Scott and Shawn came by today to see their new baby and left me a lovely bottle of tequila from Mexico. As the photos below indicate, it is very good.
I spent the entire day playing in the boatman’s footwell, putting in all the framing and walls, and building a self bailer. The tube is made by taping two cardboard wrapping-paper tubes together, then wrapping them in plastic and fiberglassing them. When luck is with you (it was with me today) you can pull out the tubes and plastic as the glass kicks and get a very nice translucent oval tube. I like oval because it takes up less hatch real estate, but still dumps a lot of water fast. It is also kind of fun when the sun is coming from the left side of the boat and you open the hatch and find it all aglow.
The original Briggs self bailers went straight out the bottom of the boat from the stern end of the boatman’s footwells, so that the first wave you hit each morning would send an ice-cold whale-spout straight up into your genitals. Not welcome. So we decided to move it to the bow end of the footwell, safely behind the foot brace, and tilt the false floor forward slightly for drainage. This protected the genitals, but, when the boat was parked on a slope in surging beach conditions, it had the effect of pumping the footwell full of sand. So now I run it out the side of the boat rather than the floor, and the problems seem to be solved.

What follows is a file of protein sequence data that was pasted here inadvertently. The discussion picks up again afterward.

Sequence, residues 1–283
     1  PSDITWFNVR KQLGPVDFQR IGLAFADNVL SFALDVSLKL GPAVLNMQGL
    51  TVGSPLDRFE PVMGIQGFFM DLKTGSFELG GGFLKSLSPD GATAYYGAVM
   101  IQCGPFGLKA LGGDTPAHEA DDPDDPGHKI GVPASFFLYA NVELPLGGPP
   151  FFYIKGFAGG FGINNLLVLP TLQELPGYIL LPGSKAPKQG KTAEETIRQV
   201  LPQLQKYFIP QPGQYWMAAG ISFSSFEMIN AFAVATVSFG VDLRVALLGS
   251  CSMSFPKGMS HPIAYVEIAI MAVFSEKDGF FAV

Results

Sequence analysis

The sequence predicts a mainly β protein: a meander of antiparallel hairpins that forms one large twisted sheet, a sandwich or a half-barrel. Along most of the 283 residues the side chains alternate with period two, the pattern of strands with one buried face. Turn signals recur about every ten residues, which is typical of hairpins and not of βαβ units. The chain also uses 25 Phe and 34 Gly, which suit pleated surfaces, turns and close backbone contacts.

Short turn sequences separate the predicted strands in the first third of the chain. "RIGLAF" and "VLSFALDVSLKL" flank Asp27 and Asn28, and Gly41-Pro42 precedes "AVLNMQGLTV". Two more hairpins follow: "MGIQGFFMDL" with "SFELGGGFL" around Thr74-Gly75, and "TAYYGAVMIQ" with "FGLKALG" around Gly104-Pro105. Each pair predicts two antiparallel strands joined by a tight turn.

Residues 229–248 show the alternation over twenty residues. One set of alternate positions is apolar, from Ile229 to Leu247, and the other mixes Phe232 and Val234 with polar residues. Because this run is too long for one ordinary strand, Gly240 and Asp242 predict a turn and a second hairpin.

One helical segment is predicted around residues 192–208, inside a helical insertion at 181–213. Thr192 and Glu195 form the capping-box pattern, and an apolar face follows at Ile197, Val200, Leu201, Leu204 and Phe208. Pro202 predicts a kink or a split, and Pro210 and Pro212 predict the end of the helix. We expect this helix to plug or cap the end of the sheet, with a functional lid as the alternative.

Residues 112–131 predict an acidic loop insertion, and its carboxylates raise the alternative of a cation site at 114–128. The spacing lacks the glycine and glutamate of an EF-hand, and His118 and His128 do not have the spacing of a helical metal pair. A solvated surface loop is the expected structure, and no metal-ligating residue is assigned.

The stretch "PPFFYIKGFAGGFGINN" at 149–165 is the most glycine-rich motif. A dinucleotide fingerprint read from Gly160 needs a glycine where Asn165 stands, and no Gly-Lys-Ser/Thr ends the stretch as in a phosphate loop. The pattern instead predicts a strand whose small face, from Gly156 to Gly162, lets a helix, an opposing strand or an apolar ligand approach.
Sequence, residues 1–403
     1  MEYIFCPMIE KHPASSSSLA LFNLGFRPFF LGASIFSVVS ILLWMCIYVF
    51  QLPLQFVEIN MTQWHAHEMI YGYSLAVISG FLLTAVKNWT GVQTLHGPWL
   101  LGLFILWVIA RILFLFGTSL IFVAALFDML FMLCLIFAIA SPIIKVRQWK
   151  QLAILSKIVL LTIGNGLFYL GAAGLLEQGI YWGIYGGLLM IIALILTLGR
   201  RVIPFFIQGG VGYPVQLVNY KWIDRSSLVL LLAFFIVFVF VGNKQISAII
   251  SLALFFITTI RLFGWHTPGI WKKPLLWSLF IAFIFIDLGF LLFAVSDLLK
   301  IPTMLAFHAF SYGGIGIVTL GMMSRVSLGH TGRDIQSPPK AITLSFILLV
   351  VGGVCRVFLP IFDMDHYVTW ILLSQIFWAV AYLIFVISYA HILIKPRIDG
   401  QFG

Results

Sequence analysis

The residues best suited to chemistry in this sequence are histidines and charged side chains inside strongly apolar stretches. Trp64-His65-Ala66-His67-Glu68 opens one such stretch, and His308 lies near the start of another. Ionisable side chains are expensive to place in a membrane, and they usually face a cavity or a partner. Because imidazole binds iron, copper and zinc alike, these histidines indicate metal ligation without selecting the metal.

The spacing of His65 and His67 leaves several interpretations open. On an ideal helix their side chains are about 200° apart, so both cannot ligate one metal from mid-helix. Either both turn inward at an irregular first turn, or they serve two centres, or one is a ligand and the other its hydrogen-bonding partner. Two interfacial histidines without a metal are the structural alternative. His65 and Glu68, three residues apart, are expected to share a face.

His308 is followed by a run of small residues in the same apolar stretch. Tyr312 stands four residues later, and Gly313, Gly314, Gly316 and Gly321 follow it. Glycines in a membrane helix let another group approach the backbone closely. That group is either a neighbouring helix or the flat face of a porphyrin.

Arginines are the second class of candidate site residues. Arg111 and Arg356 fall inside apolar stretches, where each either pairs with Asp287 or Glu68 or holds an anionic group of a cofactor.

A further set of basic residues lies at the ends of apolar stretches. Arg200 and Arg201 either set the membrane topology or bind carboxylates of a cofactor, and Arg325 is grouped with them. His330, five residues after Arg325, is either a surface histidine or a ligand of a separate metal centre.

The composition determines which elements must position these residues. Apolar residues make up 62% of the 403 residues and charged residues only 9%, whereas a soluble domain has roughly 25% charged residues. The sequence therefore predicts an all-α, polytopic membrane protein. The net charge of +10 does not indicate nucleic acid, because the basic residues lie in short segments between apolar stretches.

I put a light in it to help me see where I have it sealed and/or not sealed. It looks especially cool with the shop lights off. Yeah. The tequila is good.
Check out this great old boat film. Deano
Damn I love your blog, I'm defiantly putting one of those in my next boat!
The Powell boats are coming along, first planks on today. You can check it out on my blog.
And I am loving your blog as well. It makes me smile especially hugely when I realize what misery I would have brought upon myself had I bid on that job. Had I not gone to WoodenBoat School and learned the magnitude of Whitehall construction, I might have done something very foolish. Someday I do hope to build one of those 21-footers at my own pace, but not three under such a time constraint. Looks like your crew is big enough for the challenge. Look forward to seeing the final product!